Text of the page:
“I’m a senior person here, and I’m the biggest idiot,” Erin Ganju, CEO and co-founder of Room to Read, reflected on how she felt about her experience working in manufacturing for Unilever in Vietnam, back in the 1990s. She loved the work, but it was so clear that the local Vietnamese team was “so much better at getting things done.”
That lesson stayed with Ganju, when she returned to the U.S. to co-found Room to Read, a nonprofit with a budget close to $50 million per year that builds libraries and educates girls, and has scaled its impact throughout Asia and Africa with a team of 1,300 employees across 10 countries serving 10 million children per year.
This is not the norm for most multinational companies or nonprofits. Whether out of assumptions about unqualified local talent or a need for control, the conventional model is to “hire expatriates, who take on all the senior roles, so you find that your country director, your key leader, is American or British, working in Africa or Asia.”
Ganju’s alternative approach offers a distinct advantage. “A library shouldn’t look the same in Tanzania and Sri Lanka. You want it to be very contextualized, and there are certain key components, but a lot of it comes with the ingenuity and the creativity and the innovation of our staff. The key is to make our libraries work within each country’s education system.”
When she flipped the model from an HQ-driven to a field-driven organization, it required developing practices that left her open to criticism in the nonprofit sector and international aid community.
“There are only so many webinars that we can do to keep us connected,” Ganju says. As a result, travel is one “our most essential budget items, despite all the technology that exists out there.”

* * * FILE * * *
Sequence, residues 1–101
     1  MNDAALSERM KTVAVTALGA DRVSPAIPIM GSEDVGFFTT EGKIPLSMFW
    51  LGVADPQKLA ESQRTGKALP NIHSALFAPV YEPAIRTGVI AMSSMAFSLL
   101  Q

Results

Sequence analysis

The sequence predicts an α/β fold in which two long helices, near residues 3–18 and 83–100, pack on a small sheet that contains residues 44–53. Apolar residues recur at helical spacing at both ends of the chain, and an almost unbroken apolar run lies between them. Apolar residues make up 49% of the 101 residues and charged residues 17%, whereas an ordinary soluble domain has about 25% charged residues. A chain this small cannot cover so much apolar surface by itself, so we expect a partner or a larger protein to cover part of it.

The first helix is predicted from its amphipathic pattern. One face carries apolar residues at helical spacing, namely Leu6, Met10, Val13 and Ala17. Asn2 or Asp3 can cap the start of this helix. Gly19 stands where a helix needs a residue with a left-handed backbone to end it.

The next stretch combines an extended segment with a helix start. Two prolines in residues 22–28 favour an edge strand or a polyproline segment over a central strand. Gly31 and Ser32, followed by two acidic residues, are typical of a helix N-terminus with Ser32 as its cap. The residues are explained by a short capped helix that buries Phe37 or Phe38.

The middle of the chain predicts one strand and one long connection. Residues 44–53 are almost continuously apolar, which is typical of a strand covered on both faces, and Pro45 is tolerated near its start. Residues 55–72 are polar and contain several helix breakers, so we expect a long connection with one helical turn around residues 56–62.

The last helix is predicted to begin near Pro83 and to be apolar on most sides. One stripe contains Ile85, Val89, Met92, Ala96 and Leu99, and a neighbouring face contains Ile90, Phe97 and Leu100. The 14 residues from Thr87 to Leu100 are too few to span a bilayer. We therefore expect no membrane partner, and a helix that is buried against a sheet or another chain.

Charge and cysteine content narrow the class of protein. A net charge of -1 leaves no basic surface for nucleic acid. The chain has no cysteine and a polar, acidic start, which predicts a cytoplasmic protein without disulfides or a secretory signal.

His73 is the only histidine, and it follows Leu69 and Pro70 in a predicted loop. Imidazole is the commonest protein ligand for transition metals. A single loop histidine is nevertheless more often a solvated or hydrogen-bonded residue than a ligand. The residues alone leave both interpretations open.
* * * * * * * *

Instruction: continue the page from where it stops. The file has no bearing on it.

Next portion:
Every year Room to Read hosts a five-day country conference and rotates it between the countries in which they operate. It enables their teams, including accounting and finance, in every country to see the work their colleagues are doing in a different setting. They focus on how “we are supporting each other, and how do we, as representatives of Room to Read, feel aligned and empowered as a global organization.”
Though the cost is significant for a nonprofit, Ganju says the ROI has been tremendous. Teams in individual countries are deeply passionate about their work, but when they connect with peers doing the same work in another country all of their passion gets amplified. “There’s no way to translate that in any other way than from coming together and having those bonds as humans doing this work.”
This has been at the core of the organization’s success: incredible team loyalty, resilience, and grit. It has enabled Room to Read to keep evolving and ready to take on the next challenge.
For the past six years, Ganju has taken her daughter, now 10, and mother to live for one to two weeks inside one of the communities they serve. For her, it has been a powerful way to build relationships, make an impact and grow. “I just learn a lot about myself, and I learn a lot about the organization when I’m traveling.”
When she visits one of their offices, Ganju always sets aside time for an agenda-free talk with anyone in the local office who wants to join in. The conversation ranges from strategy to career advice to personal storytelling.
Ganju sees herself as leader of a movement who empowers her colleagues rather than someone who is directing others from the top and telling them what to do. In a similar vein, she sees Room to Read’s mission as one of empowering local communities by creating opportunities—unique spaces—for learning.
Her strongest asset might be how she approaches her job: focusing on relationships and fearlessly forging alliances with everyone who has a stake both inside and outside her organization.
This article is part of a series of articles by Aaron Hurst exploring how leaders find purpose and meaning in their jobs. Last fall, Hurst’s company, Imperative, released a global survey of the role of purpose at work, in partnership with LinkedIn Talent Solutions, which found that those who are intrinsically motivated to find purpose in their jobs consistently outperform their colleagues and experience greater levels of job satisfaction and well-being, regardless of country, gender, or ethnicity. They are also 50% more likely to be leaders. This series will profile those leaders, and how they connect with what’s meaningful to them in their role and the organizations they lead.
Aaron Hurst is a globally recognized entrepreneur and authority on social innovation. He is the CEO of Imperative and founder of the Taproot Foundation. His book, The Purpose Economy, is now available as a paperback.